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Three factors that determine what your interest rate will be
If you’re purchasing a home and applying for a mortgage, you’ll learn that a variety of factors affect the interest rate that you’ll be offered. Banks and Credit Unions assume a certain amount of risk when they loan money, and so they look at factors such as your current financial health, payment history, and debt obligations before setting your rate. Let’s take a closer look at three key factors and what they mean for you…
1. Credit score
Your credit score is a three-digit number that generally carries the most weight when it comes to determining your individual creditworthiness. When a lender is extending credit, it is the best predictor of risk. Some of the major factors that influence your credit score are your payment history, amount of credit utilization, length of established credit, types of credit, and the number of any recent applications for credit. Negative activity, like a missed or late payment, will lower your score, while responsible activity, like timely repayment and low credit card account balances, will raise your score. The higher your score, the greater the lender’s confidence in your ability to make your mortgage payments.
2. Loan-to-value ratio
The loan-to-value (LTV) ratio is calculated as the amount of the loan divided by the appraised value of the property and is expressed as a percentage. The higher the percentage, the less equity you have in your new home, which lenders believe brings more risk to the equation. For example, if the appraised value of your home is $125k and you finance $100k, your LTV is 80% (100k/$125k=.80).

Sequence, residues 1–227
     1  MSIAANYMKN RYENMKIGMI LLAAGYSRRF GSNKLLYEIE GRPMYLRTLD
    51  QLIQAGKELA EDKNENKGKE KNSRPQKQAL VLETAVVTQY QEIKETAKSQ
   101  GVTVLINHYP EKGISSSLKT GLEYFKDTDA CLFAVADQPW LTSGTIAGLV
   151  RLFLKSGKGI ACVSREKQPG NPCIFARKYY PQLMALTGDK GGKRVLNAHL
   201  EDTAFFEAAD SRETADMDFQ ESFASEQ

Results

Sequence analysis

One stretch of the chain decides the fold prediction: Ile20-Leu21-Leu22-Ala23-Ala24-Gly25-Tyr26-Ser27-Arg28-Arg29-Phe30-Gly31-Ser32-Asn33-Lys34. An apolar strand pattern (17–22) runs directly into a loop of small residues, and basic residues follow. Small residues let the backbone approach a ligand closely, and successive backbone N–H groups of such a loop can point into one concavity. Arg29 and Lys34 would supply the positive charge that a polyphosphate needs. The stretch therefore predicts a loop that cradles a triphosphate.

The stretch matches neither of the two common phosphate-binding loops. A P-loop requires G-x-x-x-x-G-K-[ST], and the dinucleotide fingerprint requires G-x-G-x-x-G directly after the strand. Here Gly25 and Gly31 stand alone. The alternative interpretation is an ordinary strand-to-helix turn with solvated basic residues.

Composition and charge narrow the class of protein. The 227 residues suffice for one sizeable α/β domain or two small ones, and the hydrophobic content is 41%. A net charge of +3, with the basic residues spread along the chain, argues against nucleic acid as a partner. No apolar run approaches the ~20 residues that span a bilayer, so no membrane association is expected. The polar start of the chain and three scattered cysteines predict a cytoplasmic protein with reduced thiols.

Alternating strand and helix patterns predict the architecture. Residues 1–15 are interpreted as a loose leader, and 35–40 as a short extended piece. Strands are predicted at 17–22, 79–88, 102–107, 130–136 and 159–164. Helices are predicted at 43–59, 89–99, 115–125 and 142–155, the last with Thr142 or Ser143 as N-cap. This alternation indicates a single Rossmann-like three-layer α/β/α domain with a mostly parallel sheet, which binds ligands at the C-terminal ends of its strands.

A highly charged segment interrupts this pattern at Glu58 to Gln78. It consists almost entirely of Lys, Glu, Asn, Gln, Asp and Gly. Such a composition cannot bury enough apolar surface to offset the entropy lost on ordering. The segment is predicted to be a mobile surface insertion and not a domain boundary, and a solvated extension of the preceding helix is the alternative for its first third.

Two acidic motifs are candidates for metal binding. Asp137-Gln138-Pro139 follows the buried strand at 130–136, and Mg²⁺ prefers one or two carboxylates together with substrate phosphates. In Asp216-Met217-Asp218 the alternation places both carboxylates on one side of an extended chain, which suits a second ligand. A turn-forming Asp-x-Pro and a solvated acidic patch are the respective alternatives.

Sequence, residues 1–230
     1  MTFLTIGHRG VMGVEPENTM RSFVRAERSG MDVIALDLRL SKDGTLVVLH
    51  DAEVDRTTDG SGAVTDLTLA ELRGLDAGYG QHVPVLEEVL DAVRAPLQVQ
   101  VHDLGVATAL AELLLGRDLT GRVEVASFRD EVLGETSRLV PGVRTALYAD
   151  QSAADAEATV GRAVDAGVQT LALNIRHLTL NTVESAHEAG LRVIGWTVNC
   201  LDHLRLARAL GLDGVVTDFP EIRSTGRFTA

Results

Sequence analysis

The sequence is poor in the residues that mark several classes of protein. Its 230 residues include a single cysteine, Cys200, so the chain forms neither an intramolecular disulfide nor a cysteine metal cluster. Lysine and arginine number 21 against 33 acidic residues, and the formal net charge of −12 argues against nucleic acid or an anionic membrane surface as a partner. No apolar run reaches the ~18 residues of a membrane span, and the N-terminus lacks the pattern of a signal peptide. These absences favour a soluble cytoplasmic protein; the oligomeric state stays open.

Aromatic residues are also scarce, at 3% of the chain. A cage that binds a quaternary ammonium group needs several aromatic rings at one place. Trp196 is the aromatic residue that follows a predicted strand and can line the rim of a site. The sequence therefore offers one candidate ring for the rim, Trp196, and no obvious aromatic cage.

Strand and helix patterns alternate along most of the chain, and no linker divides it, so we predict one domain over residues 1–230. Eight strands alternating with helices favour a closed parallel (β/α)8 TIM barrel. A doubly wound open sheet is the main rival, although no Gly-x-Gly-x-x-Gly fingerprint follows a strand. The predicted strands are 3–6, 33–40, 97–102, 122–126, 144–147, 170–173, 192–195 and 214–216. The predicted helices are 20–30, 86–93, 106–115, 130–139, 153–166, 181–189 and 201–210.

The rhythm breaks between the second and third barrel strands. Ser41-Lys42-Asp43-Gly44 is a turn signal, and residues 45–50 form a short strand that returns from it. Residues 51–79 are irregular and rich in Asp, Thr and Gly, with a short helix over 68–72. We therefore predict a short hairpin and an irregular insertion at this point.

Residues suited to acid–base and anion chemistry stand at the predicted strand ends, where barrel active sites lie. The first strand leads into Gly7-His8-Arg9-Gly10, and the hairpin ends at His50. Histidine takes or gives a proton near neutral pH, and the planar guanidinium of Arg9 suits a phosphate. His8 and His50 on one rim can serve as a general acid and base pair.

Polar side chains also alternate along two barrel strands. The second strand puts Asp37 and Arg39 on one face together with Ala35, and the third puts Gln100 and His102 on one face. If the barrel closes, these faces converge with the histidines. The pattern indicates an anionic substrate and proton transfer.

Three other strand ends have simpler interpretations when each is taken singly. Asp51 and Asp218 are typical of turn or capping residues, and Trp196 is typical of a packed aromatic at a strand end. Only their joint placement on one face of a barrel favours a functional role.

In the eyes of a lender, borrowers with a higher loan-to-value ratio are more likely to default on their mortgage, and if that happens, the lender runs the risk of having to sell the property for less than the outstanding mortgage balance. Lenders prefer a lower LTV so that if the home goes into foreclosure, they stand a better chance of recouping enough money to satisfy the remaining loan balance.
In general, anything less than an 80% loan-to-value ratio requires additional private mortgage insurance, which protects the lender in the event the borrower defaults on the loan.
Borrowers with an elevated debt-to-income ratio carry a higher risk of default when it comes to loan repayment. That’s because debt-to-income is an indicator of cash flow. It is the percentage of income that is already dedicated to paying the borrower’s fixed expenses, like monthly bills, insurance, taxes and other financial obligations. With limited cash, one extra expense can easily derail a mortgage payment. The preferred DTI can vary from lender to lender, but the general consensus is around 36%.
When you apply for a mortgage loan, the lender assumes some level of risk by extending credit to you. The interest rate they charge is the cost of borrowing money, but it also includes a premium, which is based on the amount of risk. If your credit rating isn’t stellar or your numbers are in the red, you’ll probably pay more to borrow money from your lender in the form of a higher interest rate.
If you’re thinking about purchasing a home, be sure to check your credit rating, calculate your current debt-to-income ratio and consider homes that keep your LTV at a reasonable percentage. By being aware of your current financial health and working to improve these numbers, you could save a considerable amount of money when you’re ready to apply for a mortgage.